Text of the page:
The Ancascocha Trek: An Inca Trail Where Solitude Still Exists


Trekking to Machu Picchu has become the ultimate bucket list item for many and usually it’s the classic Inca Trail trek that people have their sights set on. With such high demand and permits almost always snatched up six months in advance, the Inca Trail can be an out-of-reach option if you’ve planned your Peru vacation five months in advance instead of six. Allow us to introduce you to a no less challenging or less scenic alternative to the classic Inca Trail.

The Ancascocha Trek to Machu Picchu is a four-day trek through the foothills and passes of the Cordillera Vilcabamba. If natural beauty, storybook settings, brushes with Andean village life, and the snow-capped peaks of the Andes sound enticing to you, this trek is for you. Listed as one of National Geographic’s 20 dream hikes, the Ancascocha trek has a lot going for it including that ever-popular appeal of being considered off-the-beaten-path. Here’s what you can expect on the Ancascocha Trek to Machu Picchu.

The Ancascocha Trek

Traverse everything from the rolling farmlands of the Vilcabamba Valley to the high alpine passes of the Cordillera. Pass through traditional Andean villages, meeting the schoolchildren and peeking inside a day in the life of an alpaca herder. You’ll see glacial lakes and soaring glaciers, steamy cloud forest and ancient ruins dating back even before the Incas roamed the very same lands. The trail is 90% original Inca trail and, because this is the road less traveled to Machu Picchu, many sections of the trail are in near perfect condition.


Three Things You Should Know

1. The hike is strenuous

It’s not for the faint of heart. You’ll reach a pass higher than the highest point of the Inca Trail on your second day and hike between 7 and 8 hours each day. The trail is longer than the Inca Trail and begins with your highest ascent of the trek (Quchusq´asa Pass at 4,500 meters/14,763 feet) instead of a slow build as on the Inca Trail.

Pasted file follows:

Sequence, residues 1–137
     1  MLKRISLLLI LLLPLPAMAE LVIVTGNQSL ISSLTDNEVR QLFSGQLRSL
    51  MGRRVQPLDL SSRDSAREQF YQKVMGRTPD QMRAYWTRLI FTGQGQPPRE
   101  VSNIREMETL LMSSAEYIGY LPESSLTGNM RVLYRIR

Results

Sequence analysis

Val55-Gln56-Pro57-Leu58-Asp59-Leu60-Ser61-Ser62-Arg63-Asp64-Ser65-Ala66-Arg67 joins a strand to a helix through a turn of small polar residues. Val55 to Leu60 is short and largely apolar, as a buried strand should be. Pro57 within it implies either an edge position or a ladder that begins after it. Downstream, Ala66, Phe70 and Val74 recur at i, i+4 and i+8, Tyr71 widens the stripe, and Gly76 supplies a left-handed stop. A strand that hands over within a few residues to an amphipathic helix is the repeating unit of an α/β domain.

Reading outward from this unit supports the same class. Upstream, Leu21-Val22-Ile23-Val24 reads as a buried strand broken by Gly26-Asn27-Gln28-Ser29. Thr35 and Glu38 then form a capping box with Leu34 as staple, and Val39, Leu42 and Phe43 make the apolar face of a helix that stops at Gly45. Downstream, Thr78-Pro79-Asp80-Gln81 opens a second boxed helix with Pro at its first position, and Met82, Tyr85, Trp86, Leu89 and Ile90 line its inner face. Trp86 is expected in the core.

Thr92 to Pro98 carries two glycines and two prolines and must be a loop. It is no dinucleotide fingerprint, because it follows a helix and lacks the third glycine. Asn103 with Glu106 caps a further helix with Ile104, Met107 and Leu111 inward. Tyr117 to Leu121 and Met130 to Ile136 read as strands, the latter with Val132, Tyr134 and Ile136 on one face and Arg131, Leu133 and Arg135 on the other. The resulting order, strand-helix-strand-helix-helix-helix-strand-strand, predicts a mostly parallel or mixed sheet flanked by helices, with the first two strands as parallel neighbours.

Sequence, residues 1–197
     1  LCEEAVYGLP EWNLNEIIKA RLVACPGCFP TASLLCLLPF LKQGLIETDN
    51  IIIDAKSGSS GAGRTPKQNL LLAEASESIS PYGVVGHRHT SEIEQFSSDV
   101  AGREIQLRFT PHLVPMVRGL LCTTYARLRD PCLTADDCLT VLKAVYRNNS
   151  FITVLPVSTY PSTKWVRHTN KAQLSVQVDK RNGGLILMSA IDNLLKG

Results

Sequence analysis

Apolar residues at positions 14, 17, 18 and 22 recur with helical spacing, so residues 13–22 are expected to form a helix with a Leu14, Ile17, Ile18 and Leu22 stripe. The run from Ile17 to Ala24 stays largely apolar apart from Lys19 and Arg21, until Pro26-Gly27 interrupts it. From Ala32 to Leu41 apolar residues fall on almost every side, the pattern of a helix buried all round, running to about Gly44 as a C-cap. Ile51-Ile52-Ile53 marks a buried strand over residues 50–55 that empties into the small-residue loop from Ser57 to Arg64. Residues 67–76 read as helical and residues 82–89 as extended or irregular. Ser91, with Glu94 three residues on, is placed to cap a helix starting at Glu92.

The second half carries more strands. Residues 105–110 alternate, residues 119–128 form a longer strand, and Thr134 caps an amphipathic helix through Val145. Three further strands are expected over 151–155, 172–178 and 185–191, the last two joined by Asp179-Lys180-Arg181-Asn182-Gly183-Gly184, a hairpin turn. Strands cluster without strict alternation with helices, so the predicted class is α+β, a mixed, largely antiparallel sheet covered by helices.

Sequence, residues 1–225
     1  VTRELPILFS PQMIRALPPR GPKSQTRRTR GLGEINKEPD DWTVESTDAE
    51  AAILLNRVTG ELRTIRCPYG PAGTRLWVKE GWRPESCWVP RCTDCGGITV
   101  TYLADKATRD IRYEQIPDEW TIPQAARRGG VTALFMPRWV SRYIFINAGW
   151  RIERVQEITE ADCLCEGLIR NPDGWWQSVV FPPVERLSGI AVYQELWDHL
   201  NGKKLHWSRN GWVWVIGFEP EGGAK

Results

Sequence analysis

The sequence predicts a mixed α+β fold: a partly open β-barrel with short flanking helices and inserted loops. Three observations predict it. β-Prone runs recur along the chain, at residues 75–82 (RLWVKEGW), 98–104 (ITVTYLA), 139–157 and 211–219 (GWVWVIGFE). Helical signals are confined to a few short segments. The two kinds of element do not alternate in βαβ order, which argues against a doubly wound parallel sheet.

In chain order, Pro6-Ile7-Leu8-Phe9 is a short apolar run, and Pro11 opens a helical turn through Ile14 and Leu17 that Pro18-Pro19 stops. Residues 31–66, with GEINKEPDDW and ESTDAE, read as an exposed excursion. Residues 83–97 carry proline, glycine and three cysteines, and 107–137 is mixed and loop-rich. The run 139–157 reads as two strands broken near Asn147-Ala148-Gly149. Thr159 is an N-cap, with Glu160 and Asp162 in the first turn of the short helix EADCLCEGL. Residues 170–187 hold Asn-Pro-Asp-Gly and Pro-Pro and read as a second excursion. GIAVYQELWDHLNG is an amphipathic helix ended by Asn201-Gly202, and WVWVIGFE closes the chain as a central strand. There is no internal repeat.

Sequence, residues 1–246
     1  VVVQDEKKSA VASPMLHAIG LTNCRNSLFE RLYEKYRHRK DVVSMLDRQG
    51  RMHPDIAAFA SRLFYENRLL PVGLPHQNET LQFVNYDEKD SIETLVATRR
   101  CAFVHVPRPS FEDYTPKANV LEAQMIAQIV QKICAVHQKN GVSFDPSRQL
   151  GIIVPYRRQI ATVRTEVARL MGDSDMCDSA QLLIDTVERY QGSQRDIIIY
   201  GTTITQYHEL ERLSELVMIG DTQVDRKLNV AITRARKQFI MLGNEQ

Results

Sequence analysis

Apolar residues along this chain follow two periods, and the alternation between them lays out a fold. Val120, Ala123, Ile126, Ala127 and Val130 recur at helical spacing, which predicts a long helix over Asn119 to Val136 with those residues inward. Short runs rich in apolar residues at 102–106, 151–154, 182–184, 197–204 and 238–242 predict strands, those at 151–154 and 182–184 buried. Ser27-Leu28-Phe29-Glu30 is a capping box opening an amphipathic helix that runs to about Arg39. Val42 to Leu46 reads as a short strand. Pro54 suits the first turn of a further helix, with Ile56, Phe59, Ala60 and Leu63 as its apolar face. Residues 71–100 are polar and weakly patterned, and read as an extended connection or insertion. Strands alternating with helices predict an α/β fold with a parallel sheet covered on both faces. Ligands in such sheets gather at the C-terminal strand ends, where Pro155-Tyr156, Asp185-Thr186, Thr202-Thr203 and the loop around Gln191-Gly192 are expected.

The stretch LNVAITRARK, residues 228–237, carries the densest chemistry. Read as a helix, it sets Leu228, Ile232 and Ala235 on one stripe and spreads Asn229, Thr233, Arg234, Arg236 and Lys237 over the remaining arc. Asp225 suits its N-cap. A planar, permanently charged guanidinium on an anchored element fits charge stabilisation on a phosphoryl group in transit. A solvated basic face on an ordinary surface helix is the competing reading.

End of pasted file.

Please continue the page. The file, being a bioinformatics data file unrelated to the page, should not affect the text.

2. The hike isn’t a continuous path to Machu Picchu

The first three days will be pure hiking. The fourth begins with a bus ride to Ollantaytambo where you’ll catch a train to KM 104. At KM 104 you’ll connect with a section of the classic Inca Trail and hike your way into the world famous citadel of Machu Picchu, approaching at the Sun Gate. Alternatively, you can take the train all the way into Aguas Calientes and take a bus to the citadel from there.

3. Explorandes was the original tour operator to open this trail to tourists

Ever since, many other tour operators have offered slightly varying versions of the same trek but we stick to the original path as we first discovered it. You’ll trek with knowledgeable guides who have been there from the very beginning of this trail’s opening and who know the trail and all of its various alternatives like the back of their hand.

Why book the Ancascocha Trek over other treks to Machu Picchu?

It’s simple: The popularity of trekking to Machu Picchu has left treks like the Inca Trail and Salkantay Trail overrun and overcrowded. On the Ancascocha Trek, you’ll feel as though you have the trail to yourself and all of the beauty that comes with it. Additionally, the Ancascocha Trail isn’t just one trail, it’s a web of trails with options to suit your level of fitness. Challenge yourself as much or as little as you wish. It’s one of the few trails where horses can follow you every step of the way, offering you that “plan B” option if saroche (altitude sickness) or bodily aches and pains become a factor.

For more information about the Ancascocha Trek to Machu Picchu, find the full itinerary and details, please contact us. Reach out to an Explorandes travel specialist with any and all questions you may have.

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